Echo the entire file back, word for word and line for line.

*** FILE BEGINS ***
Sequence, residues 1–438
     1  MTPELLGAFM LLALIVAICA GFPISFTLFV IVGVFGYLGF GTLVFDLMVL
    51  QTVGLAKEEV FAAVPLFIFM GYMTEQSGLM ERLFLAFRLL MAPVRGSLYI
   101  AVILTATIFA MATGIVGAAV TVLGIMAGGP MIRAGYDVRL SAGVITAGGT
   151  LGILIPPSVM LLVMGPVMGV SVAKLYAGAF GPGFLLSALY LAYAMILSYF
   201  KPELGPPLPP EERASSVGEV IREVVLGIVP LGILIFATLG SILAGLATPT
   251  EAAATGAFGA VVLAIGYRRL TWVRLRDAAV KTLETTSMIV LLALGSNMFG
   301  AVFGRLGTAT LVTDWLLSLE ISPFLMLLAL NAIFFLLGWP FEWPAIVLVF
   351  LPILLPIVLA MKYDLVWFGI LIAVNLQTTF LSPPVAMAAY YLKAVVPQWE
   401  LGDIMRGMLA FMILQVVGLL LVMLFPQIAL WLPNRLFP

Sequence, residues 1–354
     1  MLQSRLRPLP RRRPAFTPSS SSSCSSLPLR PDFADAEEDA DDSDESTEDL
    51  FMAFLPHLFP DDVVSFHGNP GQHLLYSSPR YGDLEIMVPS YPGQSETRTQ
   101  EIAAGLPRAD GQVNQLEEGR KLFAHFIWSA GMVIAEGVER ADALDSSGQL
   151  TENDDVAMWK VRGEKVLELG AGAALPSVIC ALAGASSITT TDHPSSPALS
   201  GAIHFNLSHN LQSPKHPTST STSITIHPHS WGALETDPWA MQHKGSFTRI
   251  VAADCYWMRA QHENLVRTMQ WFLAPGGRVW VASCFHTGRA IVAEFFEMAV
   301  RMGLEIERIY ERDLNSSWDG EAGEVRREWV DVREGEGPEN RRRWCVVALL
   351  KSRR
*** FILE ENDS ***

Sequence, residues 1–438
     1  MTPELLGAFM LLALIVAICA GFPISFTLFV IVGVFGYLGF GTLVFDLMVL
    51  QTVGLAKEEV FAAVPLFIFM GYMTEQSGLM ERLFLAFRLL MAPVRGSLYI
   101  AVILTATIFA MATGIVGAAV TVLGIMAGGP MIRAGYDVRL SAGVITAGGT
   151  LGILIPPSVM LLVMGPVMGV SVAKLYAGAF GPGFLLSALY LAYAMILSYF
   201  KPELGPPLPP EERASSVGEV IREVVLGIVP LGILIFATLG SILAGLATPT
   251  EAAATGAFGA VVLAIGYRRL TWVRLRDAAV KTLETTSMIV LLALGSNMFG
   301  AVFGRLGTAT LVTDWLLSLE ISPFLMLLAL NAIFFLLGWP FEWPAIVLVF
   351  LPILLPIVLA MKYDLVWFGI LIAVNLQTTF LSPPVAMAAY YLKAVVPQWE
   401  LGDIMRGMLA FMILQVVGLL LVMLFPQIAL WLPNRLFP

Sequence, residues 1–354
     1  MLQSRLRPLP RRRPAFTPSS SSSCSSLPLR PDFADAEEDA DDSDESTEDL
    51  FMAFLPHLFP DDVVSFHGNP GQHLLYSSPR YGDLEIMVPS YPGQSETRTQ
   101  EIAAGLPRAD GQVNQLEEGR KLFAHFIWSA GMVIAEGVER ADALDSSGQL
   151  TENDDVAMWK VRGEKVLELG AGAALPSVIC ALAGASSITT TDHPSSPALS
   201  GAIHFNLSHN LQSPKHPTST STSITIHPHS WGALETDPWA MQHKGSFTRI
   251  VAADCYWMRA QHENLVRTMQ WFLAPGGRVW VASCFHTGRA IVAEFFEMAV
   301  RMGLEIERIY ERDLNSSWDG EAGEVRREWV DVREGEGPEN RRRWCVVALL
   351  KSRR